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Cold In July review

From the unexplained title, to the unresolved plot threads, the latest from genre-bending writer/director Jim Mickle and writer/actor Nick Damici ( We Are What We Are , Stake Land ) is one contrary son of a gun. Adapted from Joe R. Lansdale’s source novel, it’s a thriller of three parts, all of them enjoyable, none of them especially well joined.

Set in small-town Texas in 1989 – cue terrible mullets and music – it begins with a scene of shocking bloodshed as family man Richard Dane (Michael C. Hall) defends his wife (Vinessa Shaw) and son (Brogan Hall) from an intruder. But instead of dwelling on the moral consequences of an ordinary joe taking a stand (a la A History Of Violence ), the film takes a sharp left-turn into psycho-thriller territory when the intruder’s father (Sam Shepard) comes a-calling. Then, before anyone gets too comfortable, Don Johnson’s pig farmerturned- PI swings by – apparently straight from The Dukes Of Hazzard . It’s not long before violence engulfs them all once again.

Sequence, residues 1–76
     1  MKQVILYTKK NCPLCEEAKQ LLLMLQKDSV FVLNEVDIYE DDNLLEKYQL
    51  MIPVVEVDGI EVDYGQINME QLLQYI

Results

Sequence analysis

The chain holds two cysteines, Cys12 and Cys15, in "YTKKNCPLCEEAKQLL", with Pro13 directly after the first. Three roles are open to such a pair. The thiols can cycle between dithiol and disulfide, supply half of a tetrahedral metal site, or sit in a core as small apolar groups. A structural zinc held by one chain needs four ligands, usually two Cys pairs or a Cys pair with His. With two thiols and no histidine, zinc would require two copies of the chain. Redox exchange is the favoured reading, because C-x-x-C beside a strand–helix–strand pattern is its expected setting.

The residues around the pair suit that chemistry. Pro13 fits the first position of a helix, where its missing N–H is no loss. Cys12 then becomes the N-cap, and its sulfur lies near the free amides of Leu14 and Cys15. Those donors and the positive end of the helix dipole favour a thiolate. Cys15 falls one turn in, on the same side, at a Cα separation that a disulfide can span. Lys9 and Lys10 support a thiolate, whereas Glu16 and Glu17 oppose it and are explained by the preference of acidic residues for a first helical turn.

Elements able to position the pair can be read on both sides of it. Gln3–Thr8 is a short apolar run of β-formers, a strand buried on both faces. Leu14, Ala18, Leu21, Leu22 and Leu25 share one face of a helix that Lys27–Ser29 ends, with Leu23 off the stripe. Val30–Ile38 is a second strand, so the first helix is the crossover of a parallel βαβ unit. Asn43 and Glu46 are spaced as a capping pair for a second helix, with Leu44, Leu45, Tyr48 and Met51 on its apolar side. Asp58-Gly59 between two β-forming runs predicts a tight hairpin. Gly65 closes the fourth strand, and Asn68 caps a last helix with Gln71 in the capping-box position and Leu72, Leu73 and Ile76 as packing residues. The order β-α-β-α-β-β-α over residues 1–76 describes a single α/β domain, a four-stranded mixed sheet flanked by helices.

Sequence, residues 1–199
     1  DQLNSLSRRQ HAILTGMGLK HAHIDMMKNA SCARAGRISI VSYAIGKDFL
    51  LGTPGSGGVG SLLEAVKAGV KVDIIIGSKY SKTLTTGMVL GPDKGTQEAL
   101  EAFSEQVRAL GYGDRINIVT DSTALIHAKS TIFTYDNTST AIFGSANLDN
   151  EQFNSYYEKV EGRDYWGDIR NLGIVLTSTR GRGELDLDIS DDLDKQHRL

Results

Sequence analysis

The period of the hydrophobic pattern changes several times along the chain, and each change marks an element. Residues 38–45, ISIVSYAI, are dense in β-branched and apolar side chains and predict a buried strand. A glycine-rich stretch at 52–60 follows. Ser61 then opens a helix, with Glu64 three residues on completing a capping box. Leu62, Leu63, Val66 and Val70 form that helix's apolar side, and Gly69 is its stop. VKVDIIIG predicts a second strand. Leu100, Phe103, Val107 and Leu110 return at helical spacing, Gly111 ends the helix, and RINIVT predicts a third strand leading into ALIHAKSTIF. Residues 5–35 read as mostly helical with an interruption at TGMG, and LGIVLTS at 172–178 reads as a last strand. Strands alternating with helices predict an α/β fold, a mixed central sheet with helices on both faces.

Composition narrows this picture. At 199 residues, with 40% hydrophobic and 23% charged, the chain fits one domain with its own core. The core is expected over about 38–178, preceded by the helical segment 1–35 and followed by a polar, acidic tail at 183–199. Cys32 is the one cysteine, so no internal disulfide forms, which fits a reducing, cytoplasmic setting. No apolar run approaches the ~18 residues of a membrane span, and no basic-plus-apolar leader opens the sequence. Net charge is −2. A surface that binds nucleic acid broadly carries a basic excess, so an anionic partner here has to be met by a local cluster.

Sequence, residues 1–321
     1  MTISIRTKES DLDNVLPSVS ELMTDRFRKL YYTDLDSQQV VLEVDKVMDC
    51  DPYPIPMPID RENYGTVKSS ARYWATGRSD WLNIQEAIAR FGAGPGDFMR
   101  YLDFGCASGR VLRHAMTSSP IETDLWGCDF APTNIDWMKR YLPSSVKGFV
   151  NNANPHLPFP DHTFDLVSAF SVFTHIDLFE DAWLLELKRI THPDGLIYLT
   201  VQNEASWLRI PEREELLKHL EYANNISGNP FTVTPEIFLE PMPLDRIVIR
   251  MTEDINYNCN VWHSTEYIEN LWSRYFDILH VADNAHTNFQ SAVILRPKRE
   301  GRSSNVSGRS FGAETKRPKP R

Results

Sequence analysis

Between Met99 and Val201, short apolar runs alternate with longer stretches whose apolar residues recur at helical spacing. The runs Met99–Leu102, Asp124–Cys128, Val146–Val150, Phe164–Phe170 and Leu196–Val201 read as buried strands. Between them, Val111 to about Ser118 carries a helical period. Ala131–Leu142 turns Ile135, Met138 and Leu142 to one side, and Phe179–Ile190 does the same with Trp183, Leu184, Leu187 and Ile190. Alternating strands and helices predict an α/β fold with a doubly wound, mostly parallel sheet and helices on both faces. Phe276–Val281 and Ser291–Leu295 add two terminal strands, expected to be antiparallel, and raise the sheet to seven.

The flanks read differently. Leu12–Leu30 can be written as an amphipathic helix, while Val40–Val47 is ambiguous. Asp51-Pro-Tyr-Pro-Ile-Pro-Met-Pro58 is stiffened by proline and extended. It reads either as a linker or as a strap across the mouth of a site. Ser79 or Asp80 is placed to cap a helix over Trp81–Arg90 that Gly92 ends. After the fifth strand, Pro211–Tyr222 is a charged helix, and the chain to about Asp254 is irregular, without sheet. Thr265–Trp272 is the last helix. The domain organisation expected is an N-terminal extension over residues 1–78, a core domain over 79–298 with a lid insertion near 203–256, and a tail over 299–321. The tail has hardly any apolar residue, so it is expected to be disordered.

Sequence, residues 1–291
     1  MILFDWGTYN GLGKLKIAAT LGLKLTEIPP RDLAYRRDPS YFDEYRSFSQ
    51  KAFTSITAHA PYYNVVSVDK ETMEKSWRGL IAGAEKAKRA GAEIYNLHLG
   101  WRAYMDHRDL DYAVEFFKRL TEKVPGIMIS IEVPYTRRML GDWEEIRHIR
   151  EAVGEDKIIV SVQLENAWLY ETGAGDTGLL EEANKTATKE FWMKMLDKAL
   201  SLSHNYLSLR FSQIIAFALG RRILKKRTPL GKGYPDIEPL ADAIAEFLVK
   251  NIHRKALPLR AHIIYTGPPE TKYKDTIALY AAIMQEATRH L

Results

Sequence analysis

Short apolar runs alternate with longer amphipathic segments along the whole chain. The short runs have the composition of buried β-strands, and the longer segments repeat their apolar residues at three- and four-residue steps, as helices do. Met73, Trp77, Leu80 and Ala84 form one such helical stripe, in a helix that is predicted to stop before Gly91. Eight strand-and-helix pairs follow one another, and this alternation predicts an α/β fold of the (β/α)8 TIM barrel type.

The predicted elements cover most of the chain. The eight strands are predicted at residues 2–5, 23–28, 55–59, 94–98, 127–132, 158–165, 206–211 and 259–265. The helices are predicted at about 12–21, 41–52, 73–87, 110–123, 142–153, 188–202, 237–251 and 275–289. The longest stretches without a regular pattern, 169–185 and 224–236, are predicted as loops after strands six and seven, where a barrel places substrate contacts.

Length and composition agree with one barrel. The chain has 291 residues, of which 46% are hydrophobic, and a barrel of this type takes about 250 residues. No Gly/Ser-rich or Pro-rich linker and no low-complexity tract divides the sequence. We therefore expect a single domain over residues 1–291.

It’s as if the filmmakers are scared of boring people (or themselves), which they haven’t done yet and never do here. Even so, the disparate plot elements and heated, serio-comic tone are difficult to assimilate. Though ostensibly the main protagonist, Dane’s motivations don’t quite hold water. Meanwhile, Damici’s crucial-seeming character disappears completely, and the frequent switches of pace and location make the eventual antagonists seem distant and unworthy of such vengeance; not something you could say about the recent Blue Ruin , for example. A longer film – or a slower one – might have landed all of its leaps.

In recompense, we get reliably twinkly performances from old pros Shepard and Johnson, Jeff Grace’s lovely synthy score, an explosive climax, and the feeling that we never know what’s going to happen next, or even what film we’re watching. On that basis, perhaps contrariness isn’t too high a price to pay.

Mickle and Damici deliver a tense redneck noir with a twist – and a few issues – but it’s more like a promising placeholder than the masterpiece they’re capable of.

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